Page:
What is motorcycle lane splitting?
Lane splitting, also known as lane sharing, filtering or white-lining, is the process of a motorcyclist riding between lanes of stopped or slower moving traffic, or moving between lanes to the front of traffic stopped at a traffic light.
Assembly Bill 51, Vehicles: motorcycles: lane splitting.
On August 19, 2016, California became the first state to make lane-splitting by motorcyclists legal when Governor Jerry Brown signed Assembly Bill 51 (AB 51) into law, authorizing the California Highway Patrol (CHP) to develop guidelines for riders.
AB 51 states, “This bill would define “lane splitting” as driving a motorcycle, that has 2 wheels in contact with the ground, between rows of stopped or moving vehicles in the same lane, as specified. The bill would authorize the Department of the California Highway Patrol to develop educational guidelines relating to lane splitting in a manner that would ensure the safety of the motorcyclist, drivers, and passengers, as specified. The bill would require the department, in developing these guidelines, to consult with specified agencies and organizations with an interest in road safety and motorcyclist behavior.”
Four R’s of Lane Splitting from the California Motorcyclist Safety Program (CMSP):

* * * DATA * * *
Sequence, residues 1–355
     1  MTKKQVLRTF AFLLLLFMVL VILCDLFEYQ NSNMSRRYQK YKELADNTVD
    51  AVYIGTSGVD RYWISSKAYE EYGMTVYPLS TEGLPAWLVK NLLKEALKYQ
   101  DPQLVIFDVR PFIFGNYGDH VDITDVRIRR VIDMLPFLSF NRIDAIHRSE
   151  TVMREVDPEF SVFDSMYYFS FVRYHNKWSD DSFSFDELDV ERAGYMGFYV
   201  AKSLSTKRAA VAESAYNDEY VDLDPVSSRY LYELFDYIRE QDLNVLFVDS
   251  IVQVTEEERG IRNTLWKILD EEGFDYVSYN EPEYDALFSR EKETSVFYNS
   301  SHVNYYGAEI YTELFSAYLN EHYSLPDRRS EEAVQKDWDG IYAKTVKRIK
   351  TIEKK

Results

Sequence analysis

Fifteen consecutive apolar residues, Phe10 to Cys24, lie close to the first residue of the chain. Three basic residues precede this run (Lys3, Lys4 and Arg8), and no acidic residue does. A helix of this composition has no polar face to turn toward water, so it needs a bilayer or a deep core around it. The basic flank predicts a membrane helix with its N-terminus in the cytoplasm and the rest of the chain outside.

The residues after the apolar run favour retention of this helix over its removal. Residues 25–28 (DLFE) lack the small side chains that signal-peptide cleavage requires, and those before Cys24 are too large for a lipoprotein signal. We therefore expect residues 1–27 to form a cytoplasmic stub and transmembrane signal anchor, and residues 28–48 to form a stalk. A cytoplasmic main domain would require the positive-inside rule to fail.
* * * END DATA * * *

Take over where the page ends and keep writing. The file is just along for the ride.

- Be Reasonable: Do not drive more than 10 miles per hour (MPH) faster than other traffic and avoid lane splitting when traffic flow is 30 MPH or faster.
- Be Responsible: Not only are you responsible for your own safety but also for the safety of your passenger and other motorists. A rule of thumb, “If you can’t fit, don’t split”. Motorcyclists who lane split must obey all existing traffic laws. Never ride while impaired by drugs, alcohol or fatigue.
- Be Respectful: Share the road, and lane split in a safe and prudent manner.
- Be aware of Road and traffic conditions: Consider your environment, including the width of the lanes, size of surrounding vehicles, as well as roadway, weather, and lighting conditions. Scan for changing conditions.
Common Road Hazards:
- Construction debris
- Uneven pavement
- Wide trucks
- Distracted/negligent drivers
Motorcyclists do not have as much protection as other types of motor vehicles. Motorcycle accidents are more likely to result in catastrophic injury or death. 70% of motorcycle accidents are caused by drivers failing to see the motorcyclist driving near them. Motorcycle riders, and their passengers, generally carry the weight of protecting themselves from the carelessness of other vehicles on the roadways- even though they have the same rights as other motorists.
If you were seriously injured, or a loved one was killed, in a motorcycle accident caused by someone else’s negligence, contact a motorcycle accident attorneys at (916) 520-6639 to learn about your legal rights.